Reachability is harder for directed than for undirected finite graphs
 Journal of Symbolic Logic
, 1990
"... Abstract. Although it is known that reachability in undirected finite graphs can be expressed by an existential monadic secondorder sentence, our main result is that this is not the case for directed finite graphs (even in the presence of certain “builtin ” relations, such as the successor relatio ..."
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Cited by 76 (6 self)
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Abstract. Although it is known that reachability in undirected finite graphs can be expressed by an existential monadic secondorder sentence, our main result is that this is not the case for directed finite graphs (even in the presence of certain “builtin ” relations, such as the successor relation). The proof makes use of EhrenfeuchtFrai’sse games, along with probabilistic arguments. However, we show that for directed finite graphs with degree at most k, reachability is expressible by an existential monadic secondorder sentence. $1. Introduction. If s and t denote distinguished points in a directed (resp. undirected) graph, then we say that a graph is (s, t)connected if there is a directed (undirected) path from s to t. We sometimes refer to the problem of deciding whether a given directed (undirected) graph with two given points sand t is (s, t)connected as the directed (undirected) reachability problem.
A simplified npcomplete satisfiability problem,”
 Discrete Appl. Math.,
, 1984
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Approximation Algorithms for Hitting Objects with Straight Lines
 Discrete Applied Mathematics
, 1989
"... In the hitting set problem one is given subsets of a finite set N and one has to find an X ae N of minimum cardinality that "hits" (intersects) all of them. The problem is NPhard. It is not known whether there exists a polynomialtime approximation algorithm for the hitting set prob ..."
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Cited by 31 (1 self)
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In the hitting set problem one is given subsets of a finite set N and one has to find an X ae N of minimum cardinality that "hits" (intersects) all of them. The problem is NPhard. It is not known whether there exists a polynomialtime approximation algorithm for the hitting set problem with a finite performance ratio. Special cases of the hitting set problem are described for which finite performance ratios are guaranteed. These problems arise in a geometric setting. We consider special cases of the following problem: Given n compact subsets of , find a set of straight lines of minimum cardinality so that each of the given subsets is hit by at least one line. The algorithms are based on several techniques of representing objects bypoints, not necessarily points on the objects, and solving (in some cases, only approximately) the problem of hitting the representative points. Finite performance ratios are obtained when the dimension, the number of types of sets to be hit and the number of directions of the hitting lines are bounded.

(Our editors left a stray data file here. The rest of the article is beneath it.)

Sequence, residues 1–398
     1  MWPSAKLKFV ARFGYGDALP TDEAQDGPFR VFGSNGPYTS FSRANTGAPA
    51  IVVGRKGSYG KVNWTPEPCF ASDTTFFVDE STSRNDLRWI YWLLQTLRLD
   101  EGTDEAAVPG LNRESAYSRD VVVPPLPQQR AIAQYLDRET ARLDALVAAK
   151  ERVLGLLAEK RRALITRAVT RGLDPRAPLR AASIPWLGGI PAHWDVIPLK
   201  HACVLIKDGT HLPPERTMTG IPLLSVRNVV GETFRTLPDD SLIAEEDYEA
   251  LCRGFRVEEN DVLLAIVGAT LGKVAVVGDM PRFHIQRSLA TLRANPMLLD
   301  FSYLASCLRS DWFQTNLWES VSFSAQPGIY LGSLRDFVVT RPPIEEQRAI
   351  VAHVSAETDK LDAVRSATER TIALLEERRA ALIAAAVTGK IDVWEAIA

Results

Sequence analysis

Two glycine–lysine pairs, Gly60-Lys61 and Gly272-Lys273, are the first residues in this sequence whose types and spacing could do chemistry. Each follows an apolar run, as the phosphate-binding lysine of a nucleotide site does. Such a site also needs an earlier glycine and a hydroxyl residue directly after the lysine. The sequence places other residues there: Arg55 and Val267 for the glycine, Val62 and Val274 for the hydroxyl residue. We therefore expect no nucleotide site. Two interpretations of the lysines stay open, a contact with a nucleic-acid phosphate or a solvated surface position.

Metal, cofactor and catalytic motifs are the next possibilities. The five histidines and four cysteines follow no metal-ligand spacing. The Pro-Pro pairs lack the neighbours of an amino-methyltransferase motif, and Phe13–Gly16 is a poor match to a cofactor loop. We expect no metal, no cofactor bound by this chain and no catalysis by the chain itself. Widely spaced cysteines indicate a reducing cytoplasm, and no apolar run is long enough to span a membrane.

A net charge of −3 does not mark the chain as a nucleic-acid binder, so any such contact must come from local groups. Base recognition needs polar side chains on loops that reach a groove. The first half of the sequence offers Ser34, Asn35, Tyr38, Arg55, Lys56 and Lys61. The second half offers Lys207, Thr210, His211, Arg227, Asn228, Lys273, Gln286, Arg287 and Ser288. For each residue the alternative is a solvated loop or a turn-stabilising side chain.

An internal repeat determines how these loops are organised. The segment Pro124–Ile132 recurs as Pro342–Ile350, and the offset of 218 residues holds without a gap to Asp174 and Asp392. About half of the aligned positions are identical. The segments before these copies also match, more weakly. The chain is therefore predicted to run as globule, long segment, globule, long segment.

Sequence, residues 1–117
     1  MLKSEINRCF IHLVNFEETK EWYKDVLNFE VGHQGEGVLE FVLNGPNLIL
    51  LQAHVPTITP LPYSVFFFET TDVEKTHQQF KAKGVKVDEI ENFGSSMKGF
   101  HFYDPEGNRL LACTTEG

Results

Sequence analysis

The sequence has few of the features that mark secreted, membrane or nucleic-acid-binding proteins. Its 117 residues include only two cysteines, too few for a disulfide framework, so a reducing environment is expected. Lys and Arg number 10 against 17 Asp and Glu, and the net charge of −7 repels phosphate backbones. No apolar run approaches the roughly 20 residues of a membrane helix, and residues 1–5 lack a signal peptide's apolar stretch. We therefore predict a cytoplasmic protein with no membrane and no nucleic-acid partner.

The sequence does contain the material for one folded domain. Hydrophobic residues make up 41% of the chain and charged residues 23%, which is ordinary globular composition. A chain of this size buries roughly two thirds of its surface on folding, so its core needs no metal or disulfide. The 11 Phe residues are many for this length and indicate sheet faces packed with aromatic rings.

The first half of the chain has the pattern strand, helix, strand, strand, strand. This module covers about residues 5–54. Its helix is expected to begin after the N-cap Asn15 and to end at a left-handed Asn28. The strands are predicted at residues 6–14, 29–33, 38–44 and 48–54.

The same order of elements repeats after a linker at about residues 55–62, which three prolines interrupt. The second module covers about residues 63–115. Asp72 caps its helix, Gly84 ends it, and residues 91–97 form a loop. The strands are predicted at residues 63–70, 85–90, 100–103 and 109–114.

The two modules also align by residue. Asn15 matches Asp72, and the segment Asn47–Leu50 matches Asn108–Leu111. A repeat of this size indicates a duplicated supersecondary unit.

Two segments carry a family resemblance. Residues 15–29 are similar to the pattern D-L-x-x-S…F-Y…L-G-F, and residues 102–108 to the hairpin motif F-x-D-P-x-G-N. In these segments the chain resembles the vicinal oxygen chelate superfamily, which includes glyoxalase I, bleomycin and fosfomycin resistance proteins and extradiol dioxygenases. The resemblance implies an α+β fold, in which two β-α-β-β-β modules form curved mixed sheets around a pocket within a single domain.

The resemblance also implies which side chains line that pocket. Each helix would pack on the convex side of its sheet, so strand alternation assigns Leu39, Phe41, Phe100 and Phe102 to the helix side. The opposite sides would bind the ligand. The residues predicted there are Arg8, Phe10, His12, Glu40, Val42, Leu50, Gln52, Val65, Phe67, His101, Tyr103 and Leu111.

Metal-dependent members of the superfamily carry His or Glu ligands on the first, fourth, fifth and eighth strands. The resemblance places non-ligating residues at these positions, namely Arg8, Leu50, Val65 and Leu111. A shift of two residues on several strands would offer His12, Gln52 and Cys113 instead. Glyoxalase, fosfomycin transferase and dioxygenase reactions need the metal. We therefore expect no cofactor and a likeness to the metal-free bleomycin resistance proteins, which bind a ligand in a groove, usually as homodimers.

Scheduling with incompatible jobs
 DISCRETE APPLIED MATHEMATICS
, 1994
"... We consider scheduling problems in a multiprocessor system with incompatible jobs (two incompatible jobs cannot be processed by the same machine). We consider the problem to minimize the maximum job completion time. the makespan. This problem is NPcomplete. We present a number of polynomial time ap ..."
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Cited by 25 (2 self)
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We consider scheduling problems in a multiprocessor system with incompatible jobs (two incompatible jobs cannot be processed by the same machine). We consider the problem to minimize the maximum job completion time. the makespan. This problem is NPcomplete. We present a number of polynomial time approximation algorithms for this problem where the job incompatibilities possess a special structure. As the incompatibilities form a graph on the set ofjobs, our algorithms strongly rely on graph theoretic methods. We also solve an open problem by Birb et al. [l] on coloring precolored bipartite graphs.
Shortest path problems with node failures
 Networks
, 1992
"... Consider the problem of finding the shortest paths from a node source s to a node sink t in a complete network. On any given instance of the problem, only a subset of the intermediate nodes can be used to go from s to t, the subset being chosen according to a given probability law. We wish to find ..."
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Cited by 15 (0 self)
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Consider the problem of finding the shortest paths from a node source s to a node sink t in a complete network. On any given instance of the problem, only a subset of the intermediate nodes can be used to go from s to t, the subset being chosen according to a given probability law. We wish to find an a priori path from s to f such that, on any given instance of the problem, the sequence of nodes defining the path is preserved but only the permissible nodes are traversed, the others being skipped. The problem of finding an a priori path of minimum expected length is defined as the Probabilistic Shortest Path Problem (PSPP). Note that if the network is not originally complete, the PSPP methodology can still be used if we first add each missing edge, together with a deterministic length (being defined by an alternative path using nodes that have no probability of failure). In this paper, after discussing potential applications of the PSPP, we study the complexity of this class of problems. We first show that the problem is, in general, NPhard and then we develop polynomial time procedures for special cases of it. We also consider the complexity of a related problem: the Probabilistic Minimum Spanning Tree Problem (PMSTP). Finally, we provide a discussion of the implications of the results.